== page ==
The shrill chorus of alarms resounded across every phone in the room. Each patron frantically trying to access their device and put it on silent. James looked at his screen, the notification sat in its smooth rounded square:
EMERGENCY ALERT – Tornado warning in this area until 11:30pm CST. Take shelter now. Check local media. More info: http://wxtx.gov/s…
“Aw man.” he muttered under his breath. It was almost closing time and only a handful of folks remained. He watched as the various customers frantically switched their gaze from their phones to the darkening sky through the old plate glass windows. The restaurant had been built in an old millinery, complete with bare brick walls and open ceiling. It took them months to get what crumbling features they had up to code with the city as well as the historical society. His manager walked up behind him, “Don’t worry Jimmy, the news is full of shit. We’ll get some rain and it will be over.”
James hated it when she called him that. “Yeah I hope so.” he said, stuffing a customer's credit card into a fake leather checkbook. By the time he made it to their table the entire dining room grew three shades darker. A loud plinking sound cut into the mumbling of the patrons. Pea sized hail softly tapped against the glass. He felt bad for the couple who had just finished their meal and were about to venture out into the weather. “Here’s your card sir, and I would wait for this to blow over a bit before leaving.”
“Thanks bud, but we’ll be fine.” the man said and scrawled his signature at the bottom of the receipt.
James watched as the two collected their things and headed out the front doors which the wind caught immediately as they pushed, swinging them wide open. Warm air rushed into the entryway and before the couple could reach their car the clouds ripped open and the rain began to pour. James went back to check on his remaining table, a group of forty something women who had been out shopping that afternoon and were eagerly collecting their bags.
“We’ll take it all on the one check sweetie.” One of the women said, pulling her wallet from a gaudy buckled purse.
“Of course.” He said and rushed to the back to print out the ticket. In the kitchen the guys were staring out the back doors. A couple of the cooks were soaking wet, having been caught out in the rain during their smoke break. The bus boys were scrolling through their weather apps to watch the huge splotches of red overlapping their location.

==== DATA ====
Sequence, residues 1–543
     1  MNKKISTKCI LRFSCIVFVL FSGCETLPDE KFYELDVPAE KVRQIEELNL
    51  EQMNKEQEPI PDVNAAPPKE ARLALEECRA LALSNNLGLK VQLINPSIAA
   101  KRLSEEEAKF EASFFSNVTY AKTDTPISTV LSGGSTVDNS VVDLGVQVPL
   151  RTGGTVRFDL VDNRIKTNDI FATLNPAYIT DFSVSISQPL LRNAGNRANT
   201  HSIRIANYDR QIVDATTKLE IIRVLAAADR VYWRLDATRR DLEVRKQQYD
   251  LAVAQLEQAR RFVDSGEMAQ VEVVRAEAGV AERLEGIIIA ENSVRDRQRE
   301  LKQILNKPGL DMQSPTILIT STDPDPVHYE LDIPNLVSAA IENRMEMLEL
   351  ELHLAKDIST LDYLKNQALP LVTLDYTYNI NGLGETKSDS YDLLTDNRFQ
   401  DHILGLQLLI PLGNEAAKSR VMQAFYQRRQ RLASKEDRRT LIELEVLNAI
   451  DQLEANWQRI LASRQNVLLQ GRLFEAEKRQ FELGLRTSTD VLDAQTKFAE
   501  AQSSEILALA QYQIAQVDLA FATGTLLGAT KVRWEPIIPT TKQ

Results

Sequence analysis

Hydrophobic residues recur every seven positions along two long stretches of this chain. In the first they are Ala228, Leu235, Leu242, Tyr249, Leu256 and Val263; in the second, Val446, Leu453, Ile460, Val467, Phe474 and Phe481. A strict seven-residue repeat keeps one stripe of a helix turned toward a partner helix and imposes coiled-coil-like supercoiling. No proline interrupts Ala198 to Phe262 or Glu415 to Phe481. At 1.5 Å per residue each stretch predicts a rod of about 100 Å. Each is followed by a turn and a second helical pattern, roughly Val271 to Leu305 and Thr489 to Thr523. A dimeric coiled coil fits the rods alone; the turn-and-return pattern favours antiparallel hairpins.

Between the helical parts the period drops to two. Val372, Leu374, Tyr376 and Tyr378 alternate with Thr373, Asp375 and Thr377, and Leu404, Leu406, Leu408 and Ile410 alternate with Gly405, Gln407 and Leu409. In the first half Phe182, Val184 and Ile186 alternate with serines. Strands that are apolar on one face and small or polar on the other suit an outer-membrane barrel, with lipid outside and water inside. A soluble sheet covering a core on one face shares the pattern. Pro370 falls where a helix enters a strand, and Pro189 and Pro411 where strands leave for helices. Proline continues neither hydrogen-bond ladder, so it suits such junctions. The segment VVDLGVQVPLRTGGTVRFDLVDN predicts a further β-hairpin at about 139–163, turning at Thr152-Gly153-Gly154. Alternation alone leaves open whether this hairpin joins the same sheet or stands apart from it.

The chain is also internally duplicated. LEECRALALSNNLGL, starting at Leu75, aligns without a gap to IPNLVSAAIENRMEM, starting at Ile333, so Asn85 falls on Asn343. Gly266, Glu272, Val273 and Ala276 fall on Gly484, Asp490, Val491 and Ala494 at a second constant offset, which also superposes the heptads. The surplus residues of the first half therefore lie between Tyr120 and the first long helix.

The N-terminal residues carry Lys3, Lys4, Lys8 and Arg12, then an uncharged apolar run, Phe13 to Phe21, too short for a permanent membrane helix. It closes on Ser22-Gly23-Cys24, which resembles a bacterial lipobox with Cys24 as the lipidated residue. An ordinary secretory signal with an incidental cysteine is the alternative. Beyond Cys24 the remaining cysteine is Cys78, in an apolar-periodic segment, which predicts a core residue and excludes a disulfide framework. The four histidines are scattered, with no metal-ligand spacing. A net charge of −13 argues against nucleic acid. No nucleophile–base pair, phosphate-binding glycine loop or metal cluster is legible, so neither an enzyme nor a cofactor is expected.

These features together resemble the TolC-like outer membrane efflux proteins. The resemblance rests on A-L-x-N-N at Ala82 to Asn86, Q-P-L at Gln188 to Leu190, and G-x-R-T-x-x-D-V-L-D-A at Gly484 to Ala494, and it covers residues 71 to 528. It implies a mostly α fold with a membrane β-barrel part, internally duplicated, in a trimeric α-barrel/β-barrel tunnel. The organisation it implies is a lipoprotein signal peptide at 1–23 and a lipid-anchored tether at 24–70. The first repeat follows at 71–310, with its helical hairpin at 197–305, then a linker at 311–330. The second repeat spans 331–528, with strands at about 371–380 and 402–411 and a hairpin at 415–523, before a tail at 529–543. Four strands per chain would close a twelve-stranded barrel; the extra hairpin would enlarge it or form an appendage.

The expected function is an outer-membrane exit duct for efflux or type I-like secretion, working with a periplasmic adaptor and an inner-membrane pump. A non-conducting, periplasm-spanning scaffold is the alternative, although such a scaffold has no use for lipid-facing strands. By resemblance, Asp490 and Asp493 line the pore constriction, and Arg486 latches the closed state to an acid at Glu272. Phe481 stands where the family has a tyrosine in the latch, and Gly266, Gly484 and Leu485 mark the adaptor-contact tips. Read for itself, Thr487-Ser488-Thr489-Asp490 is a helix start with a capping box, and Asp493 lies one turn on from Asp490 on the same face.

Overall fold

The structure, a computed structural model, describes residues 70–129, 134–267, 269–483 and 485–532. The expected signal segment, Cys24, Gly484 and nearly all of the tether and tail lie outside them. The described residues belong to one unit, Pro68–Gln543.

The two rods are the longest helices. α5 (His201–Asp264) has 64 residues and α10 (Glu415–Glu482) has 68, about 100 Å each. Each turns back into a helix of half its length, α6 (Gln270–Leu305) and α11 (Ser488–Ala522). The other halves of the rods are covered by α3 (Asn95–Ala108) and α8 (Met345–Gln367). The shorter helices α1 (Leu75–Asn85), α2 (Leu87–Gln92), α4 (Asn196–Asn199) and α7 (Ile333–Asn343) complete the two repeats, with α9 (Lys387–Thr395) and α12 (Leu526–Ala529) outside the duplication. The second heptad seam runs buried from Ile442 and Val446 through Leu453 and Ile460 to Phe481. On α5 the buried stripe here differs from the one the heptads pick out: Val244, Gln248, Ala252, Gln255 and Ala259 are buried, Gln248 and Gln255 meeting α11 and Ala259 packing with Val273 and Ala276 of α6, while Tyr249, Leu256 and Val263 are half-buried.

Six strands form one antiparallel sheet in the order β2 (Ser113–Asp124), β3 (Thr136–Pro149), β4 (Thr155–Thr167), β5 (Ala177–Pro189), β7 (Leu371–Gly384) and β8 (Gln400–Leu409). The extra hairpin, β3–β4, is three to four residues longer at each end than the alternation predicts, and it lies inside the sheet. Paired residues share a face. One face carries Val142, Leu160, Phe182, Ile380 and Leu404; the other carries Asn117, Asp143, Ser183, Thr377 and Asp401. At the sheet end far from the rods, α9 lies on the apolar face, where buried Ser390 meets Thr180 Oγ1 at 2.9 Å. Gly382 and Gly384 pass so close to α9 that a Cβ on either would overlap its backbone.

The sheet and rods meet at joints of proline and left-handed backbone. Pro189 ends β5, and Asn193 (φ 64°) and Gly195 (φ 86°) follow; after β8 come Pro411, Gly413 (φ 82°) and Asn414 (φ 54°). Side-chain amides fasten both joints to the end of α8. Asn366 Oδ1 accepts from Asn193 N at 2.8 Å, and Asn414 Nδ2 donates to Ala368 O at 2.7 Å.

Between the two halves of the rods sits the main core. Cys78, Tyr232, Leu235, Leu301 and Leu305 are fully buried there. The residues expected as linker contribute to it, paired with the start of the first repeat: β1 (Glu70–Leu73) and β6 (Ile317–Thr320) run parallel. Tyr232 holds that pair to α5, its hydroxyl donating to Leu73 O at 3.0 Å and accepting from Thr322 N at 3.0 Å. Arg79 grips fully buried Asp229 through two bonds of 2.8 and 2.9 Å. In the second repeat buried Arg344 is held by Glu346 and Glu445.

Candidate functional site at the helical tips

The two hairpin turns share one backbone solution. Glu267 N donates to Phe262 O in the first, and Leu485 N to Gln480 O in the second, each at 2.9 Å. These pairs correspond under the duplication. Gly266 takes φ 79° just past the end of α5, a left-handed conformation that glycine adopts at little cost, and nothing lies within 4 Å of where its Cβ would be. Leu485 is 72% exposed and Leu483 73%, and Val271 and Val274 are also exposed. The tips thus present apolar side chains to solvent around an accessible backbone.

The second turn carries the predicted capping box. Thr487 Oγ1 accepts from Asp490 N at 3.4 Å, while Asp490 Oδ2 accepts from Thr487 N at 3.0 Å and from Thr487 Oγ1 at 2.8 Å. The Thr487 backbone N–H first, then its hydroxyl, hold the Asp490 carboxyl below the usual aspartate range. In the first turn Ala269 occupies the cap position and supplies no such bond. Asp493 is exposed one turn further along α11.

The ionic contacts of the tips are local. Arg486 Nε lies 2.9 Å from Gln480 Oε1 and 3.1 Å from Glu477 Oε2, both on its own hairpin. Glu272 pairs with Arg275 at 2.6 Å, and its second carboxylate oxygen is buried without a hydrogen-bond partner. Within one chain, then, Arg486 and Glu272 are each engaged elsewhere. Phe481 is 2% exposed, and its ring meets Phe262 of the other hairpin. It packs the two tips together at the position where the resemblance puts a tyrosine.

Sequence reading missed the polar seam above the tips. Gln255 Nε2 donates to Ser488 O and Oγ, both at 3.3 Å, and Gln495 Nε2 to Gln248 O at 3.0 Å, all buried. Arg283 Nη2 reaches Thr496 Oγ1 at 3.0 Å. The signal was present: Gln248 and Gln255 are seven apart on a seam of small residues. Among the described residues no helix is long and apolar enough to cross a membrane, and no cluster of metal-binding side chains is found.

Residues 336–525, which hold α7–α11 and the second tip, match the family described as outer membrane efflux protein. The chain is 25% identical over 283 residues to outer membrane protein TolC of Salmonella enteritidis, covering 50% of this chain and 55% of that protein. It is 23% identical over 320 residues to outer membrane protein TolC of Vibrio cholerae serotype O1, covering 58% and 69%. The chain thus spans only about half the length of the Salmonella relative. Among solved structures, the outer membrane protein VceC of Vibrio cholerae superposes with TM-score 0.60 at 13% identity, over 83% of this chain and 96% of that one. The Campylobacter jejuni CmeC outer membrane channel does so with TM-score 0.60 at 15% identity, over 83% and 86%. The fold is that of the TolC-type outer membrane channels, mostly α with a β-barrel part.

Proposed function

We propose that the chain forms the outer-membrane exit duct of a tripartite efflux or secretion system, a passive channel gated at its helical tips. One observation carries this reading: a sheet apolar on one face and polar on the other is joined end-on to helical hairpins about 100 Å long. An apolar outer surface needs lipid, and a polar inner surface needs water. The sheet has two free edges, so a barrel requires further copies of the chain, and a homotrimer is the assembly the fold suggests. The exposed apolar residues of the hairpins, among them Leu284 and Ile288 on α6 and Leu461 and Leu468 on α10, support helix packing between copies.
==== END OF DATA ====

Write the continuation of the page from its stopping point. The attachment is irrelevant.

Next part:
With the ticket freshly printed, James made it back out to the dining room floor just in time to start feeling something falling on his cheeks. His customers looked up as areas of the ceiling were beginning to drip. The wind was now blowing so hard that it was impossible to tell the difference between it and the rain. His manager rushed to the center of the room urging the customers to get away from the windows.
An eerie whistling sound rushed around the walls of the restaurant, rattling the windows. Everyone from the kitchen came running into the center of the dining room, the back doors having blown off completely. All the alarms and notifications were not wrong. The great storm was somewhere very close by. James and his manager helped guide everyone into the back corner of the building to the bathrooms, the only place with modern enclosed walls. Crammed in like sardines the lights flickered and the sound only grew louder.
Bricks began to blow loose from the walls. Glass shattered. The women screamed as the plywood walls around them began to shake, wind rushing up under the floor. Lights out. A crash that couldn’t compete with the wind burst in the dining room as the ceiling completely fell through, then the walls. Seconds or minutes or days, nobody huddled together cared once it all finally stopped.
One by one they carefully began to exit the tattered bathroom area careful not to step on any broken glass or debris. James checked on his customers and looked over at his manager. Her phone had rung. “Yes this is Emily’s. What's that?” She paused in utter disbelief, ”Yes, we’re closed!”